This week I got two texts from partners asking for help to cover a shift. One wanted to go and enjoy a nice summer day with family and the other one was ill. I didn’t plan on working at Starbucks and had other things on my schedule. I texted back and said yes to both of them and rearranged my schedule.

True generosity of time without expecting payback goes a long way in connecting to the heart of people. This has been modeled to me by my pastoral colleagues in ministry and Sisters in our monastic community. One Sister in particular is there for everyone and gives generously without ever expecting anything in return – no strings attached. When I grabbed my keys and apron to go to work, I thought of this Sister and how she has impacted my life. The gospel of grace and love has no strings attached. It is pure generosity. The Rule of St. Benedict says that we are to run in the inexpressible delight of love; how much faster we can run with no strings attached?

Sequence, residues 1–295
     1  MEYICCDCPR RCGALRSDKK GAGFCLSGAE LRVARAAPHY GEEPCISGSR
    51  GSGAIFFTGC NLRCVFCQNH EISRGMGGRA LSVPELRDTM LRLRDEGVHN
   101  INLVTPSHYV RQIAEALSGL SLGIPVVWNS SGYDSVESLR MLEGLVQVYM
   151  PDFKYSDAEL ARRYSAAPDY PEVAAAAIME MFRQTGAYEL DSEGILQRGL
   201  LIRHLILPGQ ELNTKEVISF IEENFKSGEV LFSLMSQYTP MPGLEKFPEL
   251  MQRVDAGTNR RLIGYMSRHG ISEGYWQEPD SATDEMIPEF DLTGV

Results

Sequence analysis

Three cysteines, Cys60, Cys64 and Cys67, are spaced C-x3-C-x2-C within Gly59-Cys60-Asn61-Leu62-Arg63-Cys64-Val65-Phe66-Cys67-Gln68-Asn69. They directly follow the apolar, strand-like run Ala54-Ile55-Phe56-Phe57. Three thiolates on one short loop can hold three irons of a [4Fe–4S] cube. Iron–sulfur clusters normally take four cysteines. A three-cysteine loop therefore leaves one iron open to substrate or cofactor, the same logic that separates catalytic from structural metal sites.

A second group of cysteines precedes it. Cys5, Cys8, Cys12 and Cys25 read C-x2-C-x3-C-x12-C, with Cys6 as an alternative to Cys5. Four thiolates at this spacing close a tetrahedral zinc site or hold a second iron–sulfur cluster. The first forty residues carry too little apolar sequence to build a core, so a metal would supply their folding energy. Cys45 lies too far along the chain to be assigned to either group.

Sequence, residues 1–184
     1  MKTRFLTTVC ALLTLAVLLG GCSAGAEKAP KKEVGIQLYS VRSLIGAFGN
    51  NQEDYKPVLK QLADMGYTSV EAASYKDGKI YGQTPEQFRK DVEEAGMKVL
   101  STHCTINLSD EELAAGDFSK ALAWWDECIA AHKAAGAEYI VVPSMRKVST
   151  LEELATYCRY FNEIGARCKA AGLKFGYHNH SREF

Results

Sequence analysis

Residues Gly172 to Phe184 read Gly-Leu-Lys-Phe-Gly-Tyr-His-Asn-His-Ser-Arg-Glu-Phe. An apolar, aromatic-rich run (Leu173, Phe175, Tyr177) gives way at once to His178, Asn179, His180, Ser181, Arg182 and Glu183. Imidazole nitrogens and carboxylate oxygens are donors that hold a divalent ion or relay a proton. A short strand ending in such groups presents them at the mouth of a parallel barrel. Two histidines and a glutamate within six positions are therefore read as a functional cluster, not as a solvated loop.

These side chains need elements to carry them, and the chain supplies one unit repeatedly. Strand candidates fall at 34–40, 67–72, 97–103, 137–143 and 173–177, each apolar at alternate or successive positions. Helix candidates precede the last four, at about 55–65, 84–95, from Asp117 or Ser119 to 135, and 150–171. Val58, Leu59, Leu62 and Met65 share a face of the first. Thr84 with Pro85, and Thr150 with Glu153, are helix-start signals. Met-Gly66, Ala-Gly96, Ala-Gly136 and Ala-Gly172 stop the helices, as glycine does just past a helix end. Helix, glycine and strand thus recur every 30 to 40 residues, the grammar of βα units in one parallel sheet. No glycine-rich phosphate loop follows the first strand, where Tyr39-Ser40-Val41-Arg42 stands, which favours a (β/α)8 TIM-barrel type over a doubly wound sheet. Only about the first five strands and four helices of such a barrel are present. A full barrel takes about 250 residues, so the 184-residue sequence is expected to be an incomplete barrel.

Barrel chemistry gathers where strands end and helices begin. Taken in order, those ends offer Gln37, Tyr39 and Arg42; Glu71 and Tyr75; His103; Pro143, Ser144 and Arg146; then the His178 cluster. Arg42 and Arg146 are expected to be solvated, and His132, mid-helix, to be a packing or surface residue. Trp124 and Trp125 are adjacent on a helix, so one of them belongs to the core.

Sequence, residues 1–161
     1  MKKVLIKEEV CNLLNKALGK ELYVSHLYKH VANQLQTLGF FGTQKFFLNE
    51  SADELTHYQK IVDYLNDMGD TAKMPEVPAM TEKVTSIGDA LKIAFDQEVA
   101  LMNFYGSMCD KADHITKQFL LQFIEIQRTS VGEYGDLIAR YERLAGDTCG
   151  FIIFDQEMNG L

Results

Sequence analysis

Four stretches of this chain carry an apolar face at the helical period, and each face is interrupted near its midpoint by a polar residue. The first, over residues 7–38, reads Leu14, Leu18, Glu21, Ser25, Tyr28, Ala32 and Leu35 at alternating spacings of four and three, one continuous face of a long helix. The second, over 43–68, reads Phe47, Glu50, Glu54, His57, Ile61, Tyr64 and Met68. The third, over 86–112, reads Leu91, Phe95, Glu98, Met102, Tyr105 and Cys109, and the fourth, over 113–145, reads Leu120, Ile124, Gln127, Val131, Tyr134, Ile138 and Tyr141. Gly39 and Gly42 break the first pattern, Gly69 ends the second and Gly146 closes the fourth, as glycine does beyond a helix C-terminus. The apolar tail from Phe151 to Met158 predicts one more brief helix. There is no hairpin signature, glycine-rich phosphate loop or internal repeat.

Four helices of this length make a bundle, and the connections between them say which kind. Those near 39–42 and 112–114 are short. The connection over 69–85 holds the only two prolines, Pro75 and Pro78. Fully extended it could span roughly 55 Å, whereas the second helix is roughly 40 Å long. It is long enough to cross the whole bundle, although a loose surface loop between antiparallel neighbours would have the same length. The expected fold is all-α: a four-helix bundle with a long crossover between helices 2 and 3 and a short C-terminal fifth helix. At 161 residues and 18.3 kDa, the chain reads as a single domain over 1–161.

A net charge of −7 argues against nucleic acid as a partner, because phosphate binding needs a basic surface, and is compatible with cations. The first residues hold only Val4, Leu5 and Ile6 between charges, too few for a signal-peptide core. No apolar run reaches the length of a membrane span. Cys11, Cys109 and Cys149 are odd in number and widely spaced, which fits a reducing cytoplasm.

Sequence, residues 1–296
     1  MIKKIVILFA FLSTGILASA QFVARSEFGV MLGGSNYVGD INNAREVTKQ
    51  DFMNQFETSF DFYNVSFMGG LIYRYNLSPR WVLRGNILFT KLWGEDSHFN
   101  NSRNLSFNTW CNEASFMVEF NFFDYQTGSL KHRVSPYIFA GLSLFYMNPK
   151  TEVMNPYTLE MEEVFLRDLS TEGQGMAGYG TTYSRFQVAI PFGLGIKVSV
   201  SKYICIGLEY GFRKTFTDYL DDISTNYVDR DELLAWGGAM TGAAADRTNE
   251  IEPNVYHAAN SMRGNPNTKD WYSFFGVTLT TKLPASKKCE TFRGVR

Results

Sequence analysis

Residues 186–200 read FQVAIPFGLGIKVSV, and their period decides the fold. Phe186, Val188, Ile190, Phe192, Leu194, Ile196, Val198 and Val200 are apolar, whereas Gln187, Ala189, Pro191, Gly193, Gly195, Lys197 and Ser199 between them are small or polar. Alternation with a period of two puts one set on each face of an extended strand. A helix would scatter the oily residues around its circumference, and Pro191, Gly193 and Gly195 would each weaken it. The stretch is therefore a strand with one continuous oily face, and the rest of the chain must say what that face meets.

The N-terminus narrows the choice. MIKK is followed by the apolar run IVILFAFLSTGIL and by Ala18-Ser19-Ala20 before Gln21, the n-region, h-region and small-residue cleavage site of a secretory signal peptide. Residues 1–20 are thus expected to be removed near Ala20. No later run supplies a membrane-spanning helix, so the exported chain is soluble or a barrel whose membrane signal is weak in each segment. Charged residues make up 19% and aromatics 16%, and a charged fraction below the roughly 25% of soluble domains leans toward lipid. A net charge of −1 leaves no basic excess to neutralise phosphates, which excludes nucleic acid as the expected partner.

Put on the green apron and run with generosity.

Tuesday, July 13, 2010

"In the Silence rests my freedom"

A few weeks ago I was traveling from St. Cloud to the MSP airport via Executive Express. Conversation among strangers was polite and to varying degrees self-revealing. The 90 minutes afforded some to be lost in the rural landscape that created space to simply be. When we arrived at the airport, the driver announced the progression of stops that would have us retrieving our luggage and making our way to our particular airline. There were polite good-byes among us as the van was nearing its stop. I happened to overhear a relatively young man and an elder gentleman say they would like to reconnect. The elder gentleman asked the younger for his cell phone number. The response given surprised the elder; I don’t have a cell phone. The elder named all sorts of reasons as to why he traveled with a cell phone--barely hiding his disbelief. The younger man simply responded that he needed to live with boundaries in his life. He went on to explain that he had an office phone, a home phone and access to e-mail and for him this was more than adequate for those who might wish to connect with him.